The All-Star took an awkward tumble while throwing home, held his left leg while down on the ground and then gingerly walked off the field.
"I've had problems with my left knee before -- I've had surgery on it," Harper said after the game. "So you know, it was definitely really scary."
Nationals manager Matt Williams said the strain was mild and that Harper would be re-evaluated Friday. He gave no estimate on how long Harper might be out or whether he would need to go on the disabled list, although Harper indicated he might be day-to-day.
"Be smart about it, of course," Harper said. "I want to be in there, but if I don't feel right tomorrow, then maybe taking that day off might help me a little bit."
The mishap occurred on wet turf in the sixth inning after an earlier rain delay at Nationals Park.
"That wet surface played a big part in that, and it's a bummer it happened," Harper said.
Said Williams: "Conditions are conditions."
Harper suffered the strain as he fielded a single by Asdrubal Cabrera and tried to throw home. As he planted his right foot, it slipped and his left leg buckled. The throw went wild.
The slugger stayed down on the grass for a few minutes. He eventually rose to his feet and walked off under his own power, escorted by members of the Nationals' training staff.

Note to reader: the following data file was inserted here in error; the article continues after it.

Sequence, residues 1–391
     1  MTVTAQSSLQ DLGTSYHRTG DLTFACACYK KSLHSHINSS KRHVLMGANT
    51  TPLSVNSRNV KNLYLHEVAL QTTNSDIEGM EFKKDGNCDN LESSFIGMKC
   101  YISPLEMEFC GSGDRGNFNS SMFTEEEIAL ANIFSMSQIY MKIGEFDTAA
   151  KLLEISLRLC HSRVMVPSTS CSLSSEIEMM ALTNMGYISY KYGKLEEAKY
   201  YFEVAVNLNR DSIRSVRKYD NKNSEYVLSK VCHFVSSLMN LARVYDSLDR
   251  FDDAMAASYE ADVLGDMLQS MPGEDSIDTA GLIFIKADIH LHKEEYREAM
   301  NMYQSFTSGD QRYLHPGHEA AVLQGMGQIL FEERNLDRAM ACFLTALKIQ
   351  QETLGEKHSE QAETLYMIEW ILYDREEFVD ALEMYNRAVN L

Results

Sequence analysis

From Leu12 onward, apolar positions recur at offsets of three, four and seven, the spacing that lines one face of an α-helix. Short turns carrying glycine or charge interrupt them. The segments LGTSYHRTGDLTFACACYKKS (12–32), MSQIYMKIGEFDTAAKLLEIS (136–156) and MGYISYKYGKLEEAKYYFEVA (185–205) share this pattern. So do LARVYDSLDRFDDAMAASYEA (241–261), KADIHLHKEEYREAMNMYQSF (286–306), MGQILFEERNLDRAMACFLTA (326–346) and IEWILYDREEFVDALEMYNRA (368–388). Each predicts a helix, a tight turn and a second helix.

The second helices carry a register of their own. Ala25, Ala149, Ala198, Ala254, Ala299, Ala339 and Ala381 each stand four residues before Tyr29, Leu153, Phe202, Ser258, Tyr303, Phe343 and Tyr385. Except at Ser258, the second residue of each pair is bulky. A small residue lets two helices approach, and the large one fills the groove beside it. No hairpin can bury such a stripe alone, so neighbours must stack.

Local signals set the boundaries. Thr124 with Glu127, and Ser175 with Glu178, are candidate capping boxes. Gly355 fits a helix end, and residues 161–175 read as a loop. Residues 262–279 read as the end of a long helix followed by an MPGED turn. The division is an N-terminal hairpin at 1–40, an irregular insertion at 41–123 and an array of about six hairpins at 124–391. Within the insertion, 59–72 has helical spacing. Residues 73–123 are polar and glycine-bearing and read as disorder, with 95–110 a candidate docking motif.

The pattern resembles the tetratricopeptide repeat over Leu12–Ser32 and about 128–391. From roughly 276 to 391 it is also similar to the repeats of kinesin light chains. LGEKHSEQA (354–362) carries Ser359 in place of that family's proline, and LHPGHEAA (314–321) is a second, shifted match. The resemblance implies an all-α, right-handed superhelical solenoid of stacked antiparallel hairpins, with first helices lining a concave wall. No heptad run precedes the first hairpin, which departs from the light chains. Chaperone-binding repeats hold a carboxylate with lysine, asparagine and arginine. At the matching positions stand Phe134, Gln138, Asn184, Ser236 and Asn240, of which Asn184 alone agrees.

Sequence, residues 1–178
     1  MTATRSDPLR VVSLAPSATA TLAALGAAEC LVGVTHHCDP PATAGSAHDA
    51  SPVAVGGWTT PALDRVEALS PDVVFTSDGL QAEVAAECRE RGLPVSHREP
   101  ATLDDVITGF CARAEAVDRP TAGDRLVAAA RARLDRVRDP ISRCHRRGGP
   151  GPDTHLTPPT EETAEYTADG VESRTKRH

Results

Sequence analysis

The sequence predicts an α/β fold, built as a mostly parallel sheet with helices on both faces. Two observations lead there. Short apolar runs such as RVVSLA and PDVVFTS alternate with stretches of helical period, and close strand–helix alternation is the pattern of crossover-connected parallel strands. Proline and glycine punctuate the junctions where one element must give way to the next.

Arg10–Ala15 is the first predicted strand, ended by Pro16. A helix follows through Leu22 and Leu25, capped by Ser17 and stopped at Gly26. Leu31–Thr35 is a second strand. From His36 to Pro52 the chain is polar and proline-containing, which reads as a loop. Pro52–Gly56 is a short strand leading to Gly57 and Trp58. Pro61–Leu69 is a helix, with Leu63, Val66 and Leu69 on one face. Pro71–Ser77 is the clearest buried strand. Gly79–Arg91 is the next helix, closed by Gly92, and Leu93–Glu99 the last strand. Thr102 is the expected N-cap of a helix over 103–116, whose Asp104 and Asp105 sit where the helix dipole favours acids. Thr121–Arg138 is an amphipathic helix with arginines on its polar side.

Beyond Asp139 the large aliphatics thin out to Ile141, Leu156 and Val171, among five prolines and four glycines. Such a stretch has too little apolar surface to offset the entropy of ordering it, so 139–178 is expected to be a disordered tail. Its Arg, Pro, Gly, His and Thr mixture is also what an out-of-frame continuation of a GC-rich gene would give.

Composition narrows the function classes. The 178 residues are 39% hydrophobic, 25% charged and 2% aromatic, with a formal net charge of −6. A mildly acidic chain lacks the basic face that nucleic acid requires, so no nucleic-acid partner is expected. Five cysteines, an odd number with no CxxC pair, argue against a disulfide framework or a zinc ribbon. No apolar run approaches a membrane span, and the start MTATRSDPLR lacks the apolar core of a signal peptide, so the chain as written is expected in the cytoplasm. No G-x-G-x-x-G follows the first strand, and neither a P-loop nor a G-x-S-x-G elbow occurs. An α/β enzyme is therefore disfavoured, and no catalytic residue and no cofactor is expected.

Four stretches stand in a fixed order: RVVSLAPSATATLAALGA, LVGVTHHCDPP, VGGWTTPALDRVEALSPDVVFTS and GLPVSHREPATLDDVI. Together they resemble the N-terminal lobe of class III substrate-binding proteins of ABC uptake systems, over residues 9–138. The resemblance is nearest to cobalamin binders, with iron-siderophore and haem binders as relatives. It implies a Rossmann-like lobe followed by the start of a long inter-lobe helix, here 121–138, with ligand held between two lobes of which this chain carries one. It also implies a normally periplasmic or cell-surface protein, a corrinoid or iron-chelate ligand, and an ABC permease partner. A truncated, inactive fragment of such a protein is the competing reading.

Entering Thursday, he was batting .344 with 22 home runs and 53 RBIs. He went 1-for-3 with an RBI against the Rays before exiting.
A two-time All-Star at 22, he has dealt with several lower-body injuries throughout his career and had surgery his left knee after the 2013 season for a bursa sac.
Harper also missed roughly a third of last season with a thumb ligament injury.
A prolonged absence would add to the injury difficulties for the Nationals.
Doug Fister (2-3) came back from a month out with forearm tightness Thursday but allowed five runs in 5 1/3 innings. Starter Stephen Strasburg (neck tightness) could return to the team after his next bullpen session.
"It's time to step up. Everybody," Williams said. "We look forward to doing that tomorrow."
Information from The Associated Press was used in this report.